Addressing an international audience of wireless industry executives and regulators at the Mobile World Congress in Barcelona, FCC Chairman Ajit Pai declared Tuesday that “regulatory humility” is the key to opening the door to network investment that, in turn, will unlock the potential of future fifth-generation (5G) wireless services. At his first major conference as FCC Chairman, Pai told listeners that “the torch at the FCC has been passed to a new generation” which will avoid imposing “heavy-handed decrees” in its quest to preserve “a free and open Internet.” Toward that end, Pai signaled his intention to roll back the Title II regulatory model that was adopted by the FCC two years ago in its Open Internet order, confirming that the FCC is “on track” to return to its previous approach to broadband network governance. 

Lamenting the FCC’s decision at that time to “apply utility-style regulation to today’s broadband networks,” Pai said the result is that “infrastructure spending is lower today than in 2015.” Pai also spotlighted the effects of the FCC’s decision during the past month to terminate its ongoing investigation into wireless carrier zero-rating practices that exempt certain web traffic from counting against subscriber data allowances. Observing, “in the days following our decision, all four national wireless providers in the United States announced new unlimited data plans or expanded their existing ones,” Pai proclaimed that “consumers are now benefiting from . . . offers made possible by a competitive marketplace” in which “government regulation did not produce that result.”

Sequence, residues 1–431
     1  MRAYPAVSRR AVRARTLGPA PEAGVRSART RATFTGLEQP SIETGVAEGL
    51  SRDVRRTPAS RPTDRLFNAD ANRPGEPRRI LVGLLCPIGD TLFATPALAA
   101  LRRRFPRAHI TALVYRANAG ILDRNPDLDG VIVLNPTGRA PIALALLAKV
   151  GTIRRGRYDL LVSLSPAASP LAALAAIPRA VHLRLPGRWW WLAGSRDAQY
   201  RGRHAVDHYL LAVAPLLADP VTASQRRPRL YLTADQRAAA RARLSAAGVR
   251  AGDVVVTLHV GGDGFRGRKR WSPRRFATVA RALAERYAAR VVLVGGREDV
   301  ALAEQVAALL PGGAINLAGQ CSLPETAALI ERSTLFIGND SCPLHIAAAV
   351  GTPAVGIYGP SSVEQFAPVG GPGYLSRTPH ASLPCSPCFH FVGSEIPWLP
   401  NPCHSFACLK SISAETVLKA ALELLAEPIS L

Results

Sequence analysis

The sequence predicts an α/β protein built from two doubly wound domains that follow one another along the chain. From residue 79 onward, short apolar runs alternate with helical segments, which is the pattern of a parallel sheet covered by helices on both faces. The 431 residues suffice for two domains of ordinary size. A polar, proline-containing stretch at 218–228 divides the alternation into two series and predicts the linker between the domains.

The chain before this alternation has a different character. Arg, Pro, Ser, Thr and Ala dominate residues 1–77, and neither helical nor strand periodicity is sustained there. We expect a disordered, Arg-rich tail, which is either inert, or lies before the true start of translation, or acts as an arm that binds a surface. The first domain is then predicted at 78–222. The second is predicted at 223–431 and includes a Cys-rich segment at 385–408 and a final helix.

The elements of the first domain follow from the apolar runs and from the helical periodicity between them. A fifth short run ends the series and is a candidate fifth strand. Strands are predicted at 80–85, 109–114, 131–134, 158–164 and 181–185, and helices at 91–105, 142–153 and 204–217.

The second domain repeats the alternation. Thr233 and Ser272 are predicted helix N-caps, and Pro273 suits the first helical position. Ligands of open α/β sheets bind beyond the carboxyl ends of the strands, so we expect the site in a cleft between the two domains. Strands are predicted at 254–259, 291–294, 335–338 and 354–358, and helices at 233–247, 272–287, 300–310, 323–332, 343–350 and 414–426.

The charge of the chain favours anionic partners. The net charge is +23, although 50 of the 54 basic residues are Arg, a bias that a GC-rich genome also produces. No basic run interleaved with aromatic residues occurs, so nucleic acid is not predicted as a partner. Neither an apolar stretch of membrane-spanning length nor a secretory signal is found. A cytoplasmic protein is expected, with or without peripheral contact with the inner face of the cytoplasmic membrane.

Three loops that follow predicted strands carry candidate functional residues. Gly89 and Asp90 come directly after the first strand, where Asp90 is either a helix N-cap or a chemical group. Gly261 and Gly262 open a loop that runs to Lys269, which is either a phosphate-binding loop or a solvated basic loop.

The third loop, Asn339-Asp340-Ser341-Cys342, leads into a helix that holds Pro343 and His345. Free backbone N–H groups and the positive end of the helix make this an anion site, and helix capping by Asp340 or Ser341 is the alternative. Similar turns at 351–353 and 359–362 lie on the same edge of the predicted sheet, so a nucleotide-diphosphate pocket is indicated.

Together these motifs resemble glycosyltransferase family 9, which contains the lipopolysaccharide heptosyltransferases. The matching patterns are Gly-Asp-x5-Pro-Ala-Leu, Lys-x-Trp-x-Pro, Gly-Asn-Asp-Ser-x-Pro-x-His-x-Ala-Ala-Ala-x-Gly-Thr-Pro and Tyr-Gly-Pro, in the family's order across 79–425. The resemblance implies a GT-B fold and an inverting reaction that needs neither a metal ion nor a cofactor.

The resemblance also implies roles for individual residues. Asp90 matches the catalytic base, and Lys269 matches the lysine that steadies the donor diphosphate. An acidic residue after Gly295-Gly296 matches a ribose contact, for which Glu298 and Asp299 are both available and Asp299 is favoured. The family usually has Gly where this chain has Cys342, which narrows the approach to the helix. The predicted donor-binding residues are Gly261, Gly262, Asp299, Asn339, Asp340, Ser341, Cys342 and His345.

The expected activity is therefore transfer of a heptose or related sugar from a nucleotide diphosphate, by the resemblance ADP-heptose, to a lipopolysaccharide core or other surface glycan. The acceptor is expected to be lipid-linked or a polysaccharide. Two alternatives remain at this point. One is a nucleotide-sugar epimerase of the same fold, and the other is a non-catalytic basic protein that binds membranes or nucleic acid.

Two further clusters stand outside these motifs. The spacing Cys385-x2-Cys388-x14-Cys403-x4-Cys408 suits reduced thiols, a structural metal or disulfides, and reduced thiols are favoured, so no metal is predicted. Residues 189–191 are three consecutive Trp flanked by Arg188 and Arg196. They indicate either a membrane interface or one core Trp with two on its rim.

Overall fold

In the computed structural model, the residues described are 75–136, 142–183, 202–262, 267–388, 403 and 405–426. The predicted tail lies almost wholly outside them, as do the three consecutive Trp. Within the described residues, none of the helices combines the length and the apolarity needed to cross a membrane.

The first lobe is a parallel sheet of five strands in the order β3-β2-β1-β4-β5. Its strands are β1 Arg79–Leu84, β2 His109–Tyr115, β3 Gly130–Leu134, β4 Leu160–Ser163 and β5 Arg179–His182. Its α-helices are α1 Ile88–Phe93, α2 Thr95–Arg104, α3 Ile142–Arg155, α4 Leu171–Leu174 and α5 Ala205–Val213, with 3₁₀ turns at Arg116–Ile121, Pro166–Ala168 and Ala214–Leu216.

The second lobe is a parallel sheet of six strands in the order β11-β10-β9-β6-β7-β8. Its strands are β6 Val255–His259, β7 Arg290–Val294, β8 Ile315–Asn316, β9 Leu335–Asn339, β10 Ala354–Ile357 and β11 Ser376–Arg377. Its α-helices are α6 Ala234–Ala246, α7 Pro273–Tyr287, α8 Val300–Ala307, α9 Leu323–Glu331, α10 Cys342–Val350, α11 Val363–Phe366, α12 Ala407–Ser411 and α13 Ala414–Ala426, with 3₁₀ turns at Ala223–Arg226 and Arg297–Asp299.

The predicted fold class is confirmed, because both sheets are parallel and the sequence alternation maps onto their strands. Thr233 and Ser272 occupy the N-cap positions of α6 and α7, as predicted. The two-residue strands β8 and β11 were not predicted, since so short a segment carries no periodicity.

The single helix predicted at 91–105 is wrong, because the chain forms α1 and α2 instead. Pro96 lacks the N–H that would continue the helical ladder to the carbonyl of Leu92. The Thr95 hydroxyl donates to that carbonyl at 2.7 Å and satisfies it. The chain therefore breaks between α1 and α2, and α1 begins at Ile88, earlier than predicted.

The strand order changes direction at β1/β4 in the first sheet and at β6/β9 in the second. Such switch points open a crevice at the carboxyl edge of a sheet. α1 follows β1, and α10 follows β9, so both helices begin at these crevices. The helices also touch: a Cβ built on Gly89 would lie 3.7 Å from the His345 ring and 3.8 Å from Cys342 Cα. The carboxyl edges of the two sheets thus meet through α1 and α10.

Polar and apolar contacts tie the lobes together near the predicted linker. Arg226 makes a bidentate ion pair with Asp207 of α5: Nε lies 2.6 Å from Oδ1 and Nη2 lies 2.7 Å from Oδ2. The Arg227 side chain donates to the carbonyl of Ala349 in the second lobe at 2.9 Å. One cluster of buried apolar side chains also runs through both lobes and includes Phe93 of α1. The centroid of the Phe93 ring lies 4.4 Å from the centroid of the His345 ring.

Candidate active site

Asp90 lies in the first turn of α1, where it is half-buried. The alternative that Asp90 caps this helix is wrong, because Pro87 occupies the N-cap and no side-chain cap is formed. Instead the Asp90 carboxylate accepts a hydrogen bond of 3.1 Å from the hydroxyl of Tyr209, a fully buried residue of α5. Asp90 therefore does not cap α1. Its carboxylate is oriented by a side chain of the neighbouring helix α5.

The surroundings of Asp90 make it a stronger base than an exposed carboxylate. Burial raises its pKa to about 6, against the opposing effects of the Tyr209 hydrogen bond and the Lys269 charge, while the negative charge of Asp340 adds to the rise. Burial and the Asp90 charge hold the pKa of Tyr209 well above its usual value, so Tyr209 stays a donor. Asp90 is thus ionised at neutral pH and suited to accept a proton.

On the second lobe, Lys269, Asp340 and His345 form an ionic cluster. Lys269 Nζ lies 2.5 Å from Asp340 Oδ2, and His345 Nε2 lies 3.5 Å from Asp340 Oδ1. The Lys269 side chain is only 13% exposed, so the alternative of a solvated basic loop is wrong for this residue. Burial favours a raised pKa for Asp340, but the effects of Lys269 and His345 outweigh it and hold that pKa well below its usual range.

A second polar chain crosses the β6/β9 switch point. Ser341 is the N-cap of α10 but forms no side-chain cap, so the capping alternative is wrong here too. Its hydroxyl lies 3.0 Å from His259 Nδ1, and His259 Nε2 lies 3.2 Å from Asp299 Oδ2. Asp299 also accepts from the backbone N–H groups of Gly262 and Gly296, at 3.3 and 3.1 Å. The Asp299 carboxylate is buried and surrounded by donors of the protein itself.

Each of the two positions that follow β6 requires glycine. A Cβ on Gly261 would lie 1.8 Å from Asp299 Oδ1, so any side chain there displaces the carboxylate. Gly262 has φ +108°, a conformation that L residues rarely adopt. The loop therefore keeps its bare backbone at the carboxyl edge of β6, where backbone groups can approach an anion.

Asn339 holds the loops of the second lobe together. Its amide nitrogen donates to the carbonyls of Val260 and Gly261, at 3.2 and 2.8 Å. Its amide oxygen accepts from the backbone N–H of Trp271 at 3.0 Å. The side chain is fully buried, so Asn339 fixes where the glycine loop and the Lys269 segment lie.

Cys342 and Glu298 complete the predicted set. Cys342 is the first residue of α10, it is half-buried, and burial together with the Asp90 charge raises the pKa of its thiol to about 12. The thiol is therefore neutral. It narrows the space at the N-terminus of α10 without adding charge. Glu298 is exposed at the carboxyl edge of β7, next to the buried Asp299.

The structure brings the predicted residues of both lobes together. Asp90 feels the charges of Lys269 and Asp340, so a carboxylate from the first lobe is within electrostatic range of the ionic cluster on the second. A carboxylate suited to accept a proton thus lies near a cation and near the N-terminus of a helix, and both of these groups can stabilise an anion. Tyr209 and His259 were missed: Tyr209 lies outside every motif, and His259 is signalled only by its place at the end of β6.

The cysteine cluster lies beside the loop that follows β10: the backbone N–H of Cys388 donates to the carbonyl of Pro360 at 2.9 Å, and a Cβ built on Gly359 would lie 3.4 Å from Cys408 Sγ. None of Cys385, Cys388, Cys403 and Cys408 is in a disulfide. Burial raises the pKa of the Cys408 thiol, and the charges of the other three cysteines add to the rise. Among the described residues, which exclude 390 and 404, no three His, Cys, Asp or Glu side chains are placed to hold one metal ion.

Pai therefore stressed that “America’s approach to broadband policy will be practical, not ideological,” as he explained that the FCC’s recent action on zero-rating “simply respected consumers’ preferences.” Declaring, “our approach will not be zero regulation, but light-touch . . . rules that are backed by long-standing principles in competition law,” Pai argued: “that means taking targeted action to address real problems instead of imposing broad preemptive rules to address hypothetical harms.” Nevertheless, in comments regarding Pai’s speech, Free Press policy director Matt Wood countered that the claim that the FCC’s net neutrality rules are utility style regulations that are hurting broadband deployment has been debunked,” as he cited “not just the actual language of the FCC order which explicitly forbears from the bulk of Title II, but the actual impact that Title II reclassification has had on the market.”